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Mike Chinoy: TV news was going to change everything

  • Story Highlights
  • Chinoy was on the balcony at the Beijing Hotel near Tiananmen Square
  • He gave a live commentary on what he was seeing and hearing
  • U.S. Secretary of State James Baker was asked to respond to the breaking news
  • Chinoy realized that 24-hour television news was going to alter everything
By Daniela Deane
Special to CNN
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(CNN) -- For Mike Chinoy, CNN's Beijing bureau chief at the time, one of the most significant moments in that heady spring of 1989 in China happened at 2:30 a.m. Beijing time on the morning of June 4, as the crackdown was taking place.

Mike Chinoy: "I described the gunfire and the bodies."

Mike Chinoy: "I described the gunfire and the bodies."

Chinoy was on the balcony at "Tokyo base" -- the network's nickname for its makeshift bureau at the Beijing Hotel down the avenue from Tiananmen Square -- watching soldiers march into the square with guns firing.

He was also constantly on the phone with CNN Atlanta, giving the network live "beeper" updates on what was happening there.

CNN's live video capability had long been pulled by the Chinese authorities. And CNN's first pictures from the square had already been confiscated.

But Chinoy, a long-time China watcher in the midst of the biggest story he had ever covered, was keeping the network and its viewers updated by phone. Video Watch Mike Chinoy reporting from Tiananmen Square »

"The assault on Tiananmen Square was under way," Chinoy recalls. "I could see a lot, but not everything. I was just describing what I was seeing, and passing on what colleagues were sending. I had a telephone line that could be kept open."

And then at 2:30 a.m., Ralph Begleiter, CNN's State Department correspondent at the time, started his talk show, which was featuring U.S. Secretary of State James Baker as its previously scheduled guest. Before Begleiter began interviewing Baker, though, he went to Chinoy in China for the latest on what was happening in Beijing. Photo See photos of the CNN team in Tiananmen Square in 1989 »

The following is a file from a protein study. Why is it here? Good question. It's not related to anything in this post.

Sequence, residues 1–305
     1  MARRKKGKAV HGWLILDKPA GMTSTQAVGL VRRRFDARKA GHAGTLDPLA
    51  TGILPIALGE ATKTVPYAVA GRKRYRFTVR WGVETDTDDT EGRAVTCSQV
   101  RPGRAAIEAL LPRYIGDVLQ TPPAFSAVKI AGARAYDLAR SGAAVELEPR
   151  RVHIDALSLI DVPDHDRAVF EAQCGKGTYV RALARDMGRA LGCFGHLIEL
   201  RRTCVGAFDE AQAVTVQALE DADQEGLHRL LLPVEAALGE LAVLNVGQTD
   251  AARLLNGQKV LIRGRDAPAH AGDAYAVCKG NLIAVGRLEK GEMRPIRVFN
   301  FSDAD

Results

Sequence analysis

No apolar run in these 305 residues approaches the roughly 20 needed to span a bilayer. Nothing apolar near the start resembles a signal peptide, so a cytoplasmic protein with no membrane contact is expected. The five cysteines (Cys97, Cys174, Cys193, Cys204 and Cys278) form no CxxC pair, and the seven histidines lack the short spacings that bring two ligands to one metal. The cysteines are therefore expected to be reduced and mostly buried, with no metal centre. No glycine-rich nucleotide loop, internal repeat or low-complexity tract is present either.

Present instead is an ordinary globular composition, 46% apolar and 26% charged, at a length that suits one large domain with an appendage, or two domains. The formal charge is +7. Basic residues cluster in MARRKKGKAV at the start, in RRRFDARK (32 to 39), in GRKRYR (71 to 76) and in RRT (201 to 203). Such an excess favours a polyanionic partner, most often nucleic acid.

"I described the gunfire and the bodies," said Chinoy. Video Watch Mike Chinoy reporting on the crackdown in Tiananmen Square »

"And then Begleiter asked Baker what America's policy on the crackdown was."

"Baker was flustered," Chinoy recalls. "He didn't know what was happening yet. The U.S. embassy hadn't submitted any reports. He hadn't had time to think it through."

It was in that moment that Chinoy realized that television news -- and the 24-hour news cycle CNN had pioneered -- was going to alter everything.

"It showed the way this live, real-time news on television was going to change the dynamics of how major players responded to dramatic events and crises," said Chinoy. "It was a watershed in the information revolution."

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No time for even a thought that June 4, 1989, was also his 37th birthday.

Mike Chinoy is now an author and Senior Fellow at the Pacific Council on International Policy, based in Los Angeles.

Daniela Deane was a chief sub-editor at the Reuters news agency in Hong Kong during the Tiananmen crisis

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